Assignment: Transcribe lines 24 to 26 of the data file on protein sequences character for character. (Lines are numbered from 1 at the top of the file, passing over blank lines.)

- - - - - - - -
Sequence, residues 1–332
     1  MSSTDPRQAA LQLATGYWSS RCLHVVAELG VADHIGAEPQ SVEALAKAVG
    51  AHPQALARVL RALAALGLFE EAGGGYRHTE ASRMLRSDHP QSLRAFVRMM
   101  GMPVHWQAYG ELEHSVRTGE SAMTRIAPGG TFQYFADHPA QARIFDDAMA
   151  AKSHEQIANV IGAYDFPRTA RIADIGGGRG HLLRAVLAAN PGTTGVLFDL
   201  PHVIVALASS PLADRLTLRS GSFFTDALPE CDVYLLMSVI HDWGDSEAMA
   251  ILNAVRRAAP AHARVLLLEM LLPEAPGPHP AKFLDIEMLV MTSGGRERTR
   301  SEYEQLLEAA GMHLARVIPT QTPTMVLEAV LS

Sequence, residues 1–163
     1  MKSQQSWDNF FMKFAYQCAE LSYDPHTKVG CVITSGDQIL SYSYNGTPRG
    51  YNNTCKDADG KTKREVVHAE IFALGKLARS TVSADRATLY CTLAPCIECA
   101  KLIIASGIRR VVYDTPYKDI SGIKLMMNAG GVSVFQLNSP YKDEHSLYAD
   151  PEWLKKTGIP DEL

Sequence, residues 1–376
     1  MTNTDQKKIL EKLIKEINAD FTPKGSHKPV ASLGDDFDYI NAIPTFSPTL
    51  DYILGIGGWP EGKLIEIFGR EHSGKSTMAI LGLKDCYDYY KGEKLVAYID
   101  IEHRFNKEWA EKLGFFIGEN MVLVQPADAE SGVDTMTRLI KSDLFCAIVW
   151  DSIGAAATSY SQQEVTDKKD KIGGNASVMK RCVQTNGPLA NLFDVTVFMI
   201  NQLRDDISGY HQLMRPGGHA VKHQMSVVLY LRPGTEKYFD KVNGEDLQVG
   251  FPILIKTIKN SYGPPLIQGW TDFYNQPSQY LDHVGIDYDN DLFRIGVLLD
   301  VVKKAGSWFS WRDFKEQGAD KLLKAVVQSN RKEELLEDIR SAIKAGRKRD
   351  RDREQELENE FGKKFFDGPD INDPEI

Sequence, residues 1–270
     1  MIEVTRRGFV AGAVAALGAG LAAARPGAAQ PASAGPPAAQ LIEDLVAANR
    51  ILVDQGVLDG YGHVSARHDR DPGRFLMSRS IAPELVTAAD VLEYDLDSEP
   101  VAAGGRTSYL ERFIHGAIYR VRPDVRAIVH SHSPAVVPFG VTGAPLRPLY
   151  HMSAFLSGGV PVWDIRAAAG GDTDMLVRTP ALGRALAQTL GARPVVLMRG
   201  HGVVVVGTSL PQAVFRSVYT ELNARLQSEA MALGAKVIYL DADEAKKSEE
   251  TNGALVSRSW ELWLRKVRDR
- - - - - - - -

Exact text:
     1  MIEVTRRGFV AGAVAALGAG LAAARPGAAQ PASAGPPAAQ LIEDLVAANR
    51  ILVDQGVLDG YGHVSARHDR DPGRFLMSRS IAPELVTAAD VLEYDLDSEP
   101  VAAGGRTSYL ERFIHGAIYR VRPDVRAIVH SHSPAVVPFG VTGAPLRPLY